Volatility felt bad: but that’s only because of the extraordinary calm that preceded it. We've written at length about the lack of volatility in 2017. We only had two days from 2012-2017 when stocks fell 3% and so far in 2018, we've had four such days and two of those in October. But, this is normal for equities. And we’d expect more volatility as interest rates rise.
The market is not behaving irrationally: the Fed said they think rates should be higher than they are today (and they said it again last week, here) at the same time as the housing market slowed, the trade deficit shot up, the budget deficit widened and retail sales were off. Higher rates and lower growth mean lower earnings.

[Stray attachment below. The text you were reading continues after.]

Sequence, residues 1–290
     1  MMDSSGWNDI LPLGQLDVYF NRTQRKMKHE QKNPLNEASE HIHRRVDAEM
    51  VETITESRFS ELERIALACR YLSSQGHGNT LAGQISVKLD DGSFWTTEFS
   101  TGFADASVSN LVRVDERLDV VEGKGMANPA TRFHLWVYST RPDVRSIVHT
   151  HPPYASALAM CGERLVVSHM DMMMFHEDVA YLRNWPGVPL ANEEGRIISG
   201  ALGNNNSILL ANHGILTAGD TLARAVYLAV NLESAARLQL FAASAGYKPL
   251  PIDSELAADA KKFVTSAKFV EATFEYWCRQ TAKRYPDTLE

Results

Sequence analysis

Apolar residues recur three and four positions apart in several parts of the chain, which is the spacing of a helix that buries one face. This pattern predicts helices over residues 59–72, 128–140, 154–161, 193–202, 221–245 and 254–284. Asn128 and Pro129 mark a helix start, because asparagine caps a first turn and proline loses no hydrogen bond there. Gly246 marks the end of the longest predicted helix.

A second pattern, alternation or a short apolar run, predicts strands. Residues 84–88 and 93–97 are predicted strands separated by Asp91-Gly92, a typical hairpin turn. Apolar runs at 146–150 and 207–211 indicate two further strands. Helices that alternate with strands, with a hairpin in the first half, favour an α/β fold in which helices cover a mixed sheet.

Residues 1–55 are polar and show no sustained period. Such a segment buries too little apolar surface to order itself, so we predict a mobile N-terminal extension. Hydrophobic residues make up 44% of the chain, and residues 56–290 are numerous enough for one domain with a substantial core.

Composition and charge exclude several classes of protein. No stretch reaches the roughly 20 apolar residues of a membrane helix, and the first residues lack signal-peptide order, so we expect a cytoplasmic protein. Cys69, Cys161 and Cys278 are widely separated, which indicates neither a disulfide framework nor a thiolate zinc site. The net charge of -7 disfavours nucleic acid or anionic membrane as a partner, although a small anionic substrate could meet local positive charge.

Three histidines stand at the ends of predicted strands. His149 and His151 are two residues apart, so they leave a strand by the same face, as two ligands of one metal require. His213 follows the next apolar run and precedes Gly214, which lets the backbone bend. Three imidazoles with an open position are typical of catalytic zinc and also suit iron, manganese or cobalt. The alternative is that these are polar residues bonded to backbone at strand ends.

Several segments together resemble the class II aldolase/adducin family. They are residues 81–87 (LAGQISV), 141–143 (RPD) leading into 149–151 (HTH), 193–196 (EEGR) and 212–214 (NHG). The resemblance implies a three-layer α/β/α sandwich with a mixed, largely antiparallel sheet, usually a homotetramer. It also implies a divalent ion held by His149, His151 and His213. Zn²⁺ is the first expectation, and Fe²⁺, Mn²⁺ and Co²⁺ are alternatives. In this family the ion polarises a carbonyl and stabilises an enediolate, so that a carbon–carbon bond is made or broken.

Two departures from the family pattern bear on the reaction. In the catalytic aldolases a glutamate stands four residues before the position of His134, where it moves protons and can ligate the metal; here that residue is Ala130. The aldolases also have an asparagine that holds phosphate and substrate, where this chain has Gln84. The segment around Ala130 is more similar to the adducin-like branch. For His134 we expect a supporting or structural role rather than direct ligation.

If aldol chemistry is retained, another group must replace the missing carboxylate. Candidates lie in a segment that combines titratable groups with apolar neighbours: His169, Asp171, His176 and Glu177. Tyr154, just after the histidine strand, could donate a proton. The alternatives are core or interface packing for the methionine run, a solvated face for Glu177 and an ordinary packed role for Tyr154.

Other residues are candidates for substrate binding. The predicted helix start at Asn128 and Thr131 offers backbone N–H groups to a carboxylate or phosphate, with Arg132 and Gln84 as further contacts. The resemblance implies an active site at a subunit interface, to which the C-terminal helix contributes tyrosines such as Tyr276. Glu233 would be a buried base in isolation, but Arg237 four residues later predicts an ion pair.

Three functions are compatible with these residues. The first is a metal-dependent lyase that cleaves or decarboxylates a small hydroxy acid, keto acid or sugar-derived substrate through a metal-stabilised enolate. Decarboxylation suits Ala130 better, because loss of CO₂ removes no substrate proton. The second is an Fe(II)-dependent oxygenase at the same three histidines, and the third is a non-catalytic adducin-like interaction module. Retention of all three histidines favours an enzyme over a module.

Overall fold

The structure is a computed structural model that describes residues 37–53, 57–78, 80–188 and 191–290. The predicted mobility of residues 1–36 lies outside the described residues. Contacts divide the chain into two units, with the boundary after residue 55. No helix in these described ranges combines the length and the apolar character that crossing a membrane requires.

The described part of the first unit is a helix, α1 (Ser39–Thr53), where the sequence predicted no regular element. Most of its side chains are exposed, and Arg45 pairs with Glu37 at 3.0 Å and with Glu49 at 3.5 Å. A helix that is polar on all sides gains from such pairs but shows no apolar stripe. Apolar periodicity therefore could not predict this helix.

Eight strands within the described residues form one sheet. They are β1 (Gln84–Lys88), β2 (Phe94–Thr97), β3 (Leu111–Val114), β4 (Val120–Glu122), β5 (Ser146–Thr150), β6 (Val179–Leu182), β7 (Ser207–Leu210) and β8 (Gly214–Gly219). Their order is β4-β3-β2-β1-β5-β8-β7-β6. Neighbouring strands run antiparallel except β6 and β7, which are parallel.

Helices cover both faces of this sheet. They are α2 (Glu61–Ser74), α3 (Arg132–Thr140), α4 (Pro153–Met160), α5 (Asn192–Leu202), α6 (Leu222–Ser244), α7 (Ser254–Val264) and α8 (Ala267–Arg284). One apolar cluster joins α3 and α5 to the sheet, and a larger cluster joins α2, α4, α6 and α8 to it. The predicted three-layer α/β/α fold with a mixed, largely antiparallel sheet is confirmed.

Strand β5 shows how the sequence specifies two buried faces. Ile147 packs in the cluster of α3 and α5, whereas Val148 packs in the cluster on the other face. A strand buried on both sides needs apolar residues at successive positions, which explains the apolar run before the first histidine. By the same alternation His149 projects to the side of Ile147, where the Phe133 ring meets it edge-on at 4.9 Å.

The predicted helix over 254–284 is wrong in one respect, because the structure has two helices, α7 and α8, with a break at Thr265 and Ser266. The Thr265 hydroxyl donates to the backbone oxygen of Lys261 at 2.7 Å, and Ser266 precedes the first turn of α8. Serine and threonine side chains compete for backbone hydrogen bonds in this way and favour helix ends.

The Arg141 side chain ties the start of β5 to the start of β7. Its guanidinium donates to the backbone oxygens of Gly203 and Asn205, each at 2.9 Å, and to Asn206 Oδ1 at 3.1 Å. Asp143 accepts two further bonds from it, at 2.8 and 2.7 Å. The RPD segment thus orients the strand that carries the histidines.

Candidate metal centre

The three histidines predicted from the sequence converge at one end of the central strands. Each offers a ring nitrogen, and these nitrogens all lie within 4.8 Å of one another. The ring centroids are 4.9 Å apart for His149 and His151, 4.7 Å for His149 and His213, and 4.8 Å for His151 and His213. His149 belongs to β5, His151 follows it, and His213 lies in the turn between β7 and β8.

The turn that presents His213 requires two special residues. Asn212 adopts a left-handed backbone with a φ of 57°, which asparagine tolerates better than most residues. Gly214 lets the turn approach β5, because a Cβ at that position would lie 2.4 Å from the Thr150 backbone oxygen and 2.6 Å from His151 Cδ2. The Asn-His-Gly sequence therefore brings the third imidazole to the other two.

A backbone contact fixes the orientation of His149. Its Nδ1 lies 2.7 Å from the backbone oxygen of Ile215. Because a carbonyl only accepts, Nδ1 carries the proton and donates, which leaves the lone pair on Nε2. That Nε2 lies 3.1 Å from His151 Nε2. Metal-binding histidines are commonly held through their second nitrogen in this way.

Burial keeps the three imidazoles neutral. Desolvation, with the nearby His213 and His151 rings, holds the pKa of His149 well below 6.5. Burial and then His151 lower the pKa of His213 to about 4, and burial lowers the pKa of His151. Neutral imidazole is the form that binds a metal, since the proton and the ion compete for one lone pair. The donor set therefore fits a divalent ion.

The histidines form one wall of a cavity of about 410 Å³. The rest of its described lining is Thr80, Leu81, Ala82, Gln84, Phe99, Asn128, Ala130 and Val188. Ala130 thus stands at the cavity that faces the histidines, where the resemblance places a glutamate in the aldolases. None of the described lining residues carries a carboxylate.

Rotation: some of the biggest gainers in the nine months to September have corrected the most since mid- September. On the other hand some of the biggest gainers in the last month had a torrid 2018. Again, we'd expect that. A company like LBrands, a fine company but right in Amazon’s cross hairs, is down 50% this year but up 20% since September. Investors were simply seeking out bargains.
So what do we do? It comes down to four choices:
We've already made a move to #4 earlier this year. Because it's a lot easier to make decisions under calm than duress. We like the dividend payers and the fortress balance sheet types, like Berkshire. We also invested more in Treasuries. We may trim some positions where the fundamentals have really changed but there aren't many of those.
Finally, we'd share a chart in which we take some comfort.